If time and effort are of the essence, you want to make sure you make the most of your efforts. You also risk the challenge of “taster’s fatigue.” That is when your receptors are so worn out or overused that you can’t taste anymore. At that point, human fallibilities take over, and there is likely no effect.
Hot or not in literacy education
In education, we also focus on what is hot, or ultimately not important. The hot topics are a large focus for educators in Pre-K up through 12 during the limited 180 days in a school year. Everything else is deemed as not worth the time, focus, and expenditure.
In literacy contexts, this yearly determination of what is hot or not in K-12 reading & writing is conducted by the International Literacy Association (ILA). This year’s report was culled from over 2,000 respondents around the globe. The majority of participants were classroom teachers, reading & literacy specialists or coaches, supervisors, or school and district administrators. Participants were asked to rank the “hotness” of 17 different literacy topics and indicate their level of importance.
According to the report, the purpose of this report is to identify the topics that are trending and receiving the most attention among educators, policymakers, and the media. The topics identified as “important” are those that are most critical to advancing literacy for all learners.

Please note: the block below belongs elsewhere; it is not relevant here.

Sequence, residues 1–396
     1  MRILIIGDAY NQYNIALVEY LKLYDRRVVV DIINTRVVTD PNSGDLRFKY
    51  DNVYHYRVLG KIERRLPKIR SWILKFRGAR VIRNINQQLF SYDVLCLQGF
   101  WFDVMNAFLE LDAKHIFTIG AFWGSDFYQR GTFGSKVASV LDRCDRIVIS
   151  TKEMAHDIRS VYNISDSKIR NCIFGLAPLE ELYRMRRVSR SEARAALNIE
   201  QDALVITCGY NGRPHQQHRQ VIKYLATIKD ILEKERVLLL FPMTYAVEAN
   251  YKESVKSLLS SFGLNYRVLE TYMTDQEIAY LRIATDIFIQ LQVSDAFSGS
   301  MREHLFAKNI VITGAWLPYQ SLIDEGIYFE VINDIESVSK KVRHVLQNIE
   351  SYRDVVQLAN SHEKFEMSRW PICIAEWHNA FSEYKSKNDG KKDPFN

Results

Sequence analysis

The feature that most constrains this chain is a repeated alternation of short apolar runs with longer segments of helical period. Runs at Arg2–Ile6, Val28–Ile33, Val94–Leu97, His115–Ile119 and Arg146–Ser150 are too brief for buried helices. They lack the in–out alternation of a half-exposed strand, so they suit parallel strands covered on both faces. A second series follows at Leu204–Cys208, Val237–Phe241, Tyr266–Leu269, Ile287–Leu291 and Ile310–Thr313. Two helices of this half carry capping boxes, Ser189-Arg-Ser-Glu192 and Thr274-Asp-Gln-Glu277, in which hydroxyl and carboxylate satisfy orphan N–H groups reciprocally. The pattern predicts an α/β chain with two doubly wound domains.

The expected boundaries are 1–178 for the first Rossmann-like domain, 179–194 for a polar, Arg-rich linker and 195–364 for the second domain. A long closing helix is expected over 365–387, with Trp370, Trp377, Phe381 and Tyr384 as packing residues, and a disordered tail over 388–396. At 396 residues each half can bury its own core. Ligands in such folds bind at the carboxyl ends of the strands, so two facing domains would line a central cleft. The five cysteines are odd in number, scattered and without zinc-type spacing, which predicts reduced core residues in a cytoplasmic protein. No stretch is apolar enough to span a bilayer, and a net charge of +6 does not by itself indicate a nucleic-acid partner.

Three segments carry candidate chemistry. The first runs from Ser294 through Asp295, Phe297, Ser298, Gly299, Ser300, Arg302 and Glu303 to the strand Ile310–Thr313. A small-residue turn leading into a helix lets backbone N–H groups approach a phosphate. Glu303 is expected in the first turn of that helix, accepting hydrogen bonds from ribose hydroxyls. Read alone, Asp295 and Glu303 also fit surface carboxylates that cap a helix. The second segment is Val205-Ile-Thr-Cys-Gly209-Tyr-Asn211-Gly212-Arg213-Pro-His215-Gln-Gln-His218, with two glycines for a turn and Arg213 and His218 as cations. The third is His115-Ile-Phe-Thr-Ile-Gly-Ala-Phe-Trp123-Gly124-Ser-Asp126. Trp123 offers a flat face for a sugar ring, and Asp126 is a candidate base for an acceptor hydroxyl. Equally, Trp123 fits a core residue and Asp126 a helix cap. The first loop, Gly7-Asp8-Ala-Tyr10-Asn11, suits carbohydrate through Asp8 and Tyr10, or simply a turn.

Hot but not important this year
In this year’s report, Digital Literacy was #1 on the “hot list”, but #13 on the “importance list”. The ILA defined digital literacy as “teaching children how to compose and communicate using digital technologies as well as how to comprehend and evaluate information in digital forms.” The takeaway of this section of the report basically states that we give digital literacy too much attention in the classroom. In effect, it’s not a valuable use of valuable time during the school year.
Digging deeper in the report, ILA shared two quotes that help contextualize some of the thinking in this issue. A literacy coordinator in Cameroon shared, “Digital literacy is being overemphasized…Modeling, moving from support to independence, and critical thinking are far more important than the mode of presentation.” Whereas, a school administrator in Liberia stated, “Access to digital technology is very limited in Liberia and is even nonexistent in rural parts of the country. Nevertheless, digital literacy is more or less pivotally essential for success in the 21st century.”